A synthetic embryo with cells capable of forming a brain and a beating heart was developed by researchers at the University of Cambridge using mouse stem cells. EuroNews described the effort as “yet another success in the unfolding race to develop embryos from human and mouse stem cells.”
The team, led by Professor Magdalena Zernicka-Goetz, developed the embryo model without using any eggs or sperm. The researchers used stem cells, specifically three types found in early mammalian development.
“By inducing the expression of a particular set of genes and establishing a unique environment for their interactions, the researchers were able to get the stem cells to ‘talk’ to each other,” explains a summary of the work.
“The stem cells self-organised into structures that progressed through the successive developmental stages until they had beating hearts and the foundations of the brain, as well as the yolk sac where the embryo develops and gets nutrients from in its first weeks.”
The synthetic embryo model developed by the Cambridge team is unique, as it reached a record level of development where the entire brain, including the anterior portion, began to develop.
The findings, which took researchers over a decade of work, could potentially be useful in understanding why some pregnancies fail along with developing synthetic organs for patients awaiting transplants.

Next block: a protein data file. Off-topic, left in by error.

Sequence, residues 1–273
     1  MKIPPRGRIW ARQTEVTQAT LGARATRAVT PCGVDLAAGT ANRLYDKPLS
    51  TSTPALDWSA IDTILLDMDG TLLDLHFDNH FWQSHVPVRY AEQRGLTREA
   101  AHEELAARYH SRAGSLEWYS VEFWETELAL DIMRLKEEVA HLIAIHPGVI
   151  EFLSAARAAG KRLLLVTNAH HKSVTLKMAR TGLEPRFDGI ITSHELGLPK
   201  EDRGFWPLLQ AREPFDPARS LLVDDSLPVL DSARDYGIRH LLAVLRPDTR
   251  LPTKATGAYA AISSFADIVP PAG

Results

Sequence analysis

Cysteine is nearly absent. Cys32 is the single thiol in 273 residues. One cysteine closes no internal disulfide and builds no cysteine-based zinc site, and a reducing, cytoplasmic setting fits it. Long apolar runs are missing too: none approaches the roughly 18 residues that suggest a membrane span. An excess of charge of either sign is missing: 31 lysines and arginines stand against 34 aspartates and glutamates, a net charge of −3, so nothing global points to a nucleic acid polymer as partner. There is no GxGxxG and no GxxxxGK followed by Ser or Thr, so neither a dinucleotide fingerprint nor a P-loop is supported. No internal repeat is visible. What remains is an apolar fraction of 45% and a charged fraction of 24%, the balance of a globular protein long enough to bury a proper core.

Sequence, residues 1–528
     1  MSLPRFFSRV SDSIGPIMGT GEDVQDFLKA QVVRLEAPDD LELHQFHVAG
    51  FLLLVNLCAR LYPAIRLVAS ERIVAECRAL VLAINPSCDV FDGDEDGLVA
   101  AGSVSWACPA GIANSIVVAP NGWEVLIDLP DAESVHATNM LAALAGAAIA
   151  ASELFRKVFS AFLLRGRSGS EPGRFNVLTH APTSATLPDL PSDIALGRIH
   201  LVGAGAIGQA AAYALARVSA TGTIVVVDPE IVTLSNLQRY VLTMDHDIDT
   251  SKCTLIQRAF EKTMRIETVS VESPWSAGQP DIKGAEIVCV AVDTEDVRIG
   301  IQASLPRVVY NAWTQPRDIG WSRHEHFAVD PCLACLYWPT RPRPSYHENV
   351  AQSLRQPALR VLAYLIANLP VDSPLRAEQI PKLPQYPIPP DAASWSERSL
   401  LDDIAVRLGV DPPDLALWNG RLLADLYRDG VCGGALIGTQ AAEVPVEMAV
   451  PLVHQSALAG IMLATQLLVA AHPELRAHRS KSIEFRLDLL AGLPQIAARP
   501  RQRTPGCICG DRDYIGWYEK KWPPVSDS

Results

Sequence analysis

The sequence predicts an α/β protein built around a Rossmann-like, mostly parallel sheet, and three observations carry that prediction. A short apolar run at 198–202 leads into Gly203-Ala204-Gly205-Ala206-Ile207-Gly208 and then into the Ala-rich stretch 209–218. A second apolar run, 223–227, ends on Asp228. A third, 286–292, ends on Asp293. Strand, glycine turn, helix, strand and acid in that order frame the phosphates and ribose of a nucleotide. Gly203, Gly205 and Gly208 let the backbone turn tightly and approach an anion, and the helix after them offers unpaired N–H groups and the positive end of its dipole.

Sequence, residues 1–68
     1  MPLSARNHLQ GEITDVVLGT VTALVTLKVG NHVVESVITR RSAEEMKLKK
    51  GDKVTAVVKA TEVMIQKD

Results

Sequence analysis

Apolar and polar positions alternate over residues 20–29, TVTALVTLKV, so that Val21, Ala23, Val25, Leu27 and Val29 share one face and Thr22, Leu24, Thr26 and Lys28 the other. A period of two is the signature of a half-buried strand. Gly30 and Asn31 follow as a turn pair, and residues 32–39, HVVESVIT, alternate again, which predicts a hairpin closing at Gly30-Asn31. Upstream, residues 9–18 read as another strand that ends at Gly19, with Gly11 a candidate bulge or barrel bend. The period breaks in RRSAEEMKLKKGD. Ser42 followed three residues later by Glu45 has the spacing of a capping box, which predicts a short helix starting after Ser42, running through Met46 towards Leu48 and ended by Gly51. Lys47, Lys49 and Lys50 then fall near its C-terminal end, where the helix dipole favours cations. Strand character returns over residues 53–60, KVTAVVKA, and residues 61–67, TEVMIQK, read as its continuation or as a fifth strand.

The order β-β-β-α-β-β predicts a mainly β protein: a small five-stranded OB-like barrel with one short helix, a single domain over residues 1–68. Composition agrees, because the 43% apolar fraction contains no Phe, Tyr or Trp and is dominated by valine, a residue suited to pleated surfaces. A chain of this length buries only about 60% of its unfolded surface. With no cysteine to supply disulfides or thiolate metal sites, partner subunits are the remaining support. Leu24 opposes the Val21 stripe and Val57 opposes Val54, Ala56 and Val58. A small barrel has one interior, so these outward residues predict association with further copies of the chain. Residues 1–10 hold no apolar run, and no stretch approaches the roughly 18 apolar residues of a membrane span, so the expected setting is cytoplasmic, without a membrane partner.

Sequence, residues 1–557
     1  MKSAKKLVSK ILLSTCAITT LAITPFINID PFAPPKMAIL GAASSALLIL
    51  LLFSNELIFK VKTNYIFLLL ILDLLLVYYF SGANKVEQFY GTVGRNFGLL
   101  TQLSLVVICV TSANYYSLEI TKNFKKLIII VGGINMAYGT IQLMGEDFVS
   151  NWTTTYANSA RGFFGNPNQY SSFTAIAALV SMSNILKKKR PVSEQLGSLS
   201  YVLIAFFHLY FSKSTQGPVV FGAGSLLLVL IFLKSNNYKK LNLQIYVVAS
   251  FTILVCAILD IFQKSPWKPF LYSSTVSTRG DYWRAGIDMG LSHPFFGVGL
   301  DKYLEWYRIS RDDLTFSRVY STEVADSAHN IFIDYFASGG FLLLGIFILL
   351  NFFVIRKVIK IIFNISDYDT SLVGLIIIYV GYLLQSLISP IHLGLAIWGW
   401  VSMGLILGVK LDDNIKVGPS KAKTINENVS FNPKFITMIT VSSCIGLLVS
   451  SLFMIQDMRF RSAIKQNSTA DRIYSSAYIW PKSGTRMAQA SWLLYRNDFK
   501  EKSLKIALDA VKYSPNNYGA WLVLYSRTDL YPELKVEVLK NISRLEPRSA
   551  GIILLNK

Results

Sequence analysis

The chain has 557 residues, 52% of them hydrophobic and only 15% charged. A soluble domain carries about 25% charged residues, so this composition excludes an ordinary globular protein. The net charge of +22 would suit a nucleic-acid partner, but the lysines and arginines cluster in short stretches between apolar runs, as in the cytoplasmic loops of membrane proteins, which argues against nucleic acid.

The research also opens “new possibilities to study the mechanisms of neurodevelopment in an experimental model,” according to Zernicka-Goetz.
“In fact, we demonstrate the proof of this principle in the paper by knocking out a gene already known to be essential for formation of the neural tube, precursor of the nervous system, and for brain and eye development,” she continued.
“In the absence of this gene, the synthetic embryos show exactly the known defects in brain development as in an animal carrying this mutation. This means we can begin to apply this kind of approach to the many genes with unknown function in brain development.”
Writing at The Conversation, stem cell professor Megan Munsie observed:
In 2021, several teams managed to get human pluripotent stem cells (cells that can turn into any other type of cell) to self-aggregate in a Petri dish, mimicking the “blastocyst”. This is the earliest stage of embryonic development just before the complex process of implantation, when a mass of cells attach to the wall of the uterus.
Researchers using these human embryo models, often called blastoids, have even been able to start to explore implantation in a dish, but this process is much more challenging in humans than it is in mice.
In 2019, Science Alert reported on a “lab made human embryo” wherein they suggested “animal models can only go so far when it comes to pulling apart the complex mix of genetic and biochemical activity that turns a fertilised cell into a fully formed human.”s